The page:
- The database giant Oracle has started laying off some US employees, sources told Insider.
- It may cut thousands of jobs globally, according to news reports.
- Workers in Canada, India, and Europe may be next.
The database giant Oracle began laying off more of its US workforce on Monday, employees have confirmed to Insider.
The company may cut thousands of workers globally — including in the US, Canada, India, and Europe — to reduce costs by $1 billion, The Information reported last month.
Oracle employs about 130,000 employees.
Layoffs had already begun in Oracle’s advertising unit, which cut about 60 people last month, Insider reported. Meanwhile, top executives like Ariel Kelman, its chief marketing officer, and Juergen Lindner, a marketing leader, are expected to depart the firm.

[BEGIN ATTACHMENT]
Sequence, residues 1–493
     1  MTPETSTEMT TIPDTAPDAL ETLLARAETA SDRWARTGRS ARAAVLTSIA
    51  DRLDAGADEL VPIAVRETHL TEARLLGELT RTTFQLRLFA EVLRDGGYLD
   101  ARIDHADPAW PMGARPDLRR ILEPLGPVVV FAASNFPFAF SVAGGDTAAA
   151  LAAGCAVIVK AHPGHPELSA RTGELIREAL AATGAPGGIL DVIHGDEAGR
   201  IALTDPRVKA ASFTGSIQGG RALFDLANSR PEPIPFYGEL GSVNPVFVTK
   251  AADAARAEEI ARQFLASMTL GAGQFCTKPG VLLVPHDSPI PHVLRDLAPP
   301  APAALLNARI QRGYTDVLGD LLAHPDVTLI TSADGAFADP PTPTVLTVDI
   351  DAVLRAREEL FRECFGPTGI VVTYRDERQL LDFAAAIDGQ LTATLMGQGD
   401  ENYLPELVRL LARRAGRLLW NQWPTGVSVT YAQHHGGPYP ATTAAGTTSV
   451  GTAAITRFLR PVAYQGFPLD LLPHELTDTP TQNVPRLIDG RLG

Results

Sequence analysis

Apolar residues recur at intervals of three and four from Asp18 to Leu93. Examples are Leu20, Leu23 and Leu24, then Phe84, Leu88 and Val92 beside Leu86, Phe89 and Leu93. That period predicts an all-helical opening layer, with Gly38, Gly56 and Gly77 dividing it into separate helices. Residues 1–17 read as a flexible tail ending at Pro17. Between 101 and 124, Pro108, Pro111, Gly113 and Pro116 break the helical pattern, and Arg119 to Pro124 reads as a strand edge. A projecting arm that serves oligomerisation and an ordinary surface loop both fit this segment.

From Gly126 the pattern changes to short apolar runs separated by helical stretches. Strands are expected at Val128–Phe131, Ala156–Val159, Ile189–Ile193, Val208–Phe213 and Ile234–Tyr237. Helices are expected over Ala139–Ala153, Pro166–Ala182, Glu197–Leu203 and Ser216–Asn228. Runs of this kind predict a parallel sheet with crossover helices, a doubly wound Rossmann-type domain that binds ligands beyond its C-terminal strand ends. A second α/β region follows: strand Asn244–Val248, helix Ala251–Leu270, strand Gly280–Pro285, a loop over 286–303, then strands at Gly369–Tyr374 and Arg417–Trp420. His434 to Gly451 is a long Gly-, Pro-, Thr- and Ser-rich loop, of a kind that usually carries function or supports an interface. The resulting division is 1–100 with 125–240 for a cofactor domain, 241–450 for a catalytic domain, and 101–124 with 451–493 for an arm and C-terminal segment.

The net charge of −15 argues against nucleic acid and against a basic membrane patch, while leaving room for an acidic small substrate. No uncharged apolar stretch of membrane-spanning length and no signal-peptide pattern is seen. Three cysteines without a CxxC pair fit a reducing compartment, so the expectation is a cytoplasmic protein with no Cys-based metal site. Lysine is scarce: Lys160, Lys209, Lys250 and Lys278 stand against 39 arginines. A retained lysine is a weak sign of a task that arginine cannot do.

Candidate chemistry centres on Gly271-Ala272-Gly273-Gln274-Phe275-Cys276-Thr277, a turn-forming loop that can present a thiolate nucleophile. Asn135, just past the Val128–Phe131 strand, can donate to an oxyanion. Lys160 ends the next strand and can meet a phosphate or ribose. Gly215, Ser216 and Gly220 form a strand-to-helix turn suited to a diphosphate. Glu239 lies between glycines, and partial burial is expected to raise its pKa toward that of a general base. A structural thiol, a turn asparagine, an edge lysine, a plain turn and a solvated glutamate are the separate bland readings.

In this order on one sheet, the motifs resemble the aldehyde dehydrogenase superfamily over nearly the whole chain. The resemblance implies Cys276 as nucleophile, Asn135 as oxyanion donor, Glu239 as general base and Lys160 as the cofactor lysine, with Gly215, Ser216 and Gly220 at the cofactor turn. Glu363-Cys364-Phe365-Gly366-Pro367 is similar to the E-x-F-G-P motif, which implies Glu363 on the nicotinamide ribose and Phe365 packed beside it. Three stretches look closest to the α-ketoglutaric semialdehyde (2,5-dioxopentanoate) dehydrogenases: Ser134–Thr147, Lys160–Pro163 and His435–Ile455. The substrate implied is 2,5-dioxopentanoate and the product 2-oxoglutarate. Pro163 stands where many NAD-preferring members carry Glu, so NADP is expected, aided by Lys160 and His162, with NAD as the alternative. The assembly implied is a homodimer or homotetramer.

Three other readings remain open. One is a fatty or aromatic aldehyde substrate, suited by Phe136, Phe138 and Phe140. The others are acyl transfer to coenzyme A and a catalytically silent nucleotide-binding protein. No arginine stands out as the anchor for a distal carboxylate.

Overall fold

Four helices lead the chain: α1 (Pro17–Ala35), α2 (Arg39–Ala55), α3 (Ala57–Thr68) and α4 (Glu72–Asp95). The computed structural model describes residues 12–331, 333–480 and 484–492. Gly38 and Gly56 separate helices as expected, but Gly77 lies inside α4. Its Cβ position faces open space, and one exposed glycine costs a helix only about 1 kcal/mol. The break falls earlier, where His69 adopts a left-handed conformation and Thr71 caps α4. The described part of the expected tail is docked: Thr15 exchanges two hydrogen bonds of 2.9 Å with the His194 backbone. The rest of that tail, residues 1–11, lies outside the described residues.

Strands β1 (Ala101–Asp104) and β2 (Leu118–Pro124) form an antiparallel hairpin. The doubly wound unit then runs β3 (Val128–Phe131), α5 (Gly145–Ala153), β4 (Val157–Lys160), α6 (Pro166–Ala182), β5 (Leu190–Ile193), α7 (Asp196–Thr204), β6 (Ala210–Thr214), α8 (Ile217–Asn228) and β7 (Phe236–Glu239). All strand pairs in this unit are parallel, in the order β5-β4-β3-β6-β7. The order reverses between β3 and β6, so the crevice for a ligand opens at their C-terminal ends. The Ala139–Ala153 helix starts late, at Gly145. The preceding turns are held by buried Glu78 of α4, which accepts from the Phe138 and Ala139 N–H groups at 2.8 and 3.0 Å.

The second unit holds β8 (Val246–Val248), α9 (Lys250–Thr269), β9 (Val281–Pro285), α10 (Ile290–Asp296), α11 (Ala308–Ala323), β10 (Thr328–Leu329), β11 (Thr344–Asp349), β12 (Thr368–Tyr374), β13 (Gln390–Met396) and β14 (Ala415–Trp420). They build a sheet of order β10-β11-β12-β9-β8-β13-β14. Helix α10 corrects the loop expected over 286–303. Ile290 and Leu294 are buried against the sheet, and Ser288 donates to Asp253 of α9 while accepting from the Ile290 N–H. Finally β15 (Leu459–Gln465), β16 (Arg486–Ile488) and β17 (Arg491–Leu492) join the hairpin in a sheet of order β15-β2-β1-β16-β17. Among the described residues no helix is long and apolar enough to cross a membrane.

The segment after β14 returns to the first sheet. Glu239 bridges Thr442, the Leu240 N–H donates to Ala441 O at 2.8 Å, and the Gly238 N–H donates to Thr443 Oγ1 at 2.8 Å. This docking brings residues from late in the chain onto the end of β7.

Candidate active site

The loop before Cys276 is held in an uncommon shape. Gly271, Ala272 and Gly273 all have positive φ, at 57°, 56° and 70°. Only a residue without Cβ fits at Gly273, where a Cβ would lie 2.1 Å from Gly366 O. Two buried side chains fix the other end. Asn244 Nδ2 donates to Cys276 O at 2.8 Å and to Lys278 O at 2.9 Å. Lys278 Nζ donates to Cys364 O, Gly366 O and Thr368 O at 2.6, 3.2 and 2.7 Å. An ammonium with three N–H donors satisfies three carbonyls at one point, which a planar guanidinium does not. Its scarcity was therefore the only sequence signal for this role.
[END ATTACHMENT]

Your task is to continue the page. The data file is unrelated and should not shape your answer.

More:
Other units apparently taking cuts include Oracle CX Marketing, SFGate reported, citing posts on LinkedIn and TheLayoff.com. The marketing organization that reports up to Kelman may also experience cuts, another source told Insider.
Layoffs are not unheard of at the tech giant, although a $1 billion target would be substantial. In its fiscal 2022, which ended in May, the company spent $191 million on restructuring costs, primarily related to employee severance, it reported in June. Last year, it spent $431 million on such costs, it said.
The cuts come amid big changes for the Austin, Texas, company: Oracle last month won regulatory approval for its $28 billion purchase of the medical-records company Cerner and is absorbing its roughly 20,000 employees.
Oracle also recently won a contract to store the US user data for the ByteDance-owned video app TikTok — a deal that may boost its cloud ambitions as it seeks to overtake cloud giants like Amazon Web Services.
The database company reported better-than-expected earnings in June, with a 5% revenue increase from the year before and cloud revenues of $2.9 billion. Oracle Cloud Infrastructure, its cloud platform, still lags AWS, Microsoft, and Google Cloud in overall market share.
Oracle could not be immediately reached for comment.
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